As I prepared my message on the prophet Amos this past weekend at Eastbrook, I read widely and returned to some material I had read years before. Here is an insightful piece form Nicholas Wolterstorff‘s fantastic book, Justice: Rights and Wrongs.
A striking feature of how the Old Testament writers talk about justice is the frequency with which they connect justice, both primary and rectifying, with the treatment of widows, orphans, resident aliens, and the poor. Alike in the presentation of the original legal code, in the accusations by the prophets of violations of the code, and in the complaints of the psalmist about violations, some or all of the members of this quartet regularly get special attention when justice, mishpat, is under discussion.
In Deuteronomy 24:17 Moses enjoins the people, “You shall not deprive the resident alien or an orphan of justice; you shall not take a widow’s garment in pledge” (cf. Exodus 22:21-22). In Deuteronomy 27:19 the priests call out, in a ritualized cursing cermony, “Cursed by anyone who deprives the alien, the orphan, and the widow of justice,” to which the people say, “Amen.” In Isaiah 1:17, Isaiah of Jerusalem says:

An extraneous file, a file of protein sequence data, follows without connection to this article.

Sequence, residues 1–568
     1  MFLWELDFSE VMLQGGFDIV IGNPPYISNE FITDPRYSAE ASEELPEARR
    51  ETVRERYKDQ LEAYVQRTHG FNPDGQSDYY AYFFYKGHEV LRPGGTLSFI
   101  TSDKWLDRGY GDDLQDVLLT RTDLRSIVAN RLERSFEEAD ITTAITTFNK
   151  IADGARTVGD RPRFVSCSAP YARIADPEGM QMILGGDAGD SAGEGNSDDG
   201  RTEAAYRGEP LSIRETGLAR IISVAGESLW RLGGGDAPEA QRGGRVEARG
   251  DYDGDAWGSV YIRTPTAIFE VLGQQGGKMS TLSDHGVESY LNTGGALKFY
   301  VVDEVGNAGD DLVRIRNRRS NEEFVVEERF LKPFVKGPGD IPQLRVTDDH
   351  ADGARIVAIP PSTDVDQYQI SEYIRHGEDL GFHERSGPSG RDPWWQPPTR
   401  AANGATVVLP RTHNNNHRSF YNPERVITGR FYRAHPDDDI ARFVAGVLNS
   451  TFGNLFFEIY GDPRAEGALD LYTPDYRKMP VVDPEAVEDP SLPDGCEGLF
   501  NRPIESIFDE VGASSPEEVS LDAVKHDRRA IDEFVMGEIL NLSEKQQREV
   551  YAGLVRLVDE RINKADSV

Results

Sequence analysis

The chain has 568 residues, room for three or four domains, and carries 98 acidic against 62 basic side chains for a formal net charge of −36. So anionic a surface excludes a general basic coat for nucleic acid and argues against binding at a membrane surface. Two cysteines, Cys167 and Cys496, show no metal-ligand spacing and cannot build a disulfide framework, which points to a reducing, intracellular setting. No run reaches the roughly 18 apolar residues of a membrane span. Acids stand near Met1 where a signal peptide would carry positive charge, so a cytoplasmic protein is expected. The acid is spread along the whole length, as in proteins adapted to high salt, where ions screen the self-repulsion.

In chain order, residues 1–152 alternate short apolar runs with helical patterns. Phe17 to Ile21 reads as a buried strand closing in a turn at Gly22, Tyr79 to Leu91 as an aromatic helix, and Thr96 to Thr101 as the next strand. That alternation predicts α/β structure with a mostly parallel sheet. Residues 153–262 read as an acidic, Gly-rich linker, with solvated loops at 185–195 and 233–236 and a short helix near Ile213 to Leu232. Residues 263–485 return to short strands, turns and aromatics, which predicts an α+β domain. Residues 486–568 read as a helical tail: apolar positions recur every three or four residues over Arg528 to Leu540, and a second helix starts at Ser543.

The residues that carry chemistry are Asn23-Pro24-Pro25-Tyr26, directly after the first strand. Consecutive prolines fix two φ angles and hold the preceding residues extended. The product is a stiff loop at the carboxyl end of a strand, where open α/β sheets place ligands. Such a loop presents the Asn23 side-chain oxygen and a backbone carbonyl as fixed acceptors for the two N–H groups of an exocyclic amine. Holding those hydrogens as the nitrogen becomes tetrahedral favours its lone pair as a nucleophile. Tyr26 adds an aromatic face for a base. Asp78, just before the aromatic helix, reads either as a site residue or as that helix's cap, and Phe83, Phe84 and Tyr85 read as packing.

rescue the oppressed,
defend the orphan,
plead for the widow.
And in 10:1-2 (a passage already quoted) he excoriates those
who make iniquitous decrees,
who write oppressive statues,
to turn aside the needy from justice,
and to robe the poor of my people of their right,
that widows may be your spoil,
and that you may make the orphans your prey!
The theme is too pervasive in these writings, and too familiar by now to most readers, to need further elaboration.
The widows, the orphans, the resident aliens, and the impoverished were the bottom ones, the low ones, the lowly. That is how Israel’s writers spoke of them. Given their position at the bottom of the social hierarchy, they were especially vulnerable to being treated with injustice. They were downtrodden, as our older English translations nicely put it. The rich and the powerful put them down, tread on them, trampled them. Rendering justice to them is often described as “lifting them up.”
The prophets and the psalmist do not argue the case that alleviating the plight of the lowly is required by justice. They assume it. When they speak of God’s justice, when they enjoin their hearers to practice justice, when they complain to God about the absence of justice, they take for granted that justice requires alleviating the plight of the lowly. They save their breath for urging their readers to actually practice justice to the quartet of the vulnerable low ones.
[Nicholas Wolterstorff, Justice: Rights and Wrongs (Princeton: Princeton University Press, 2008), 75-76.]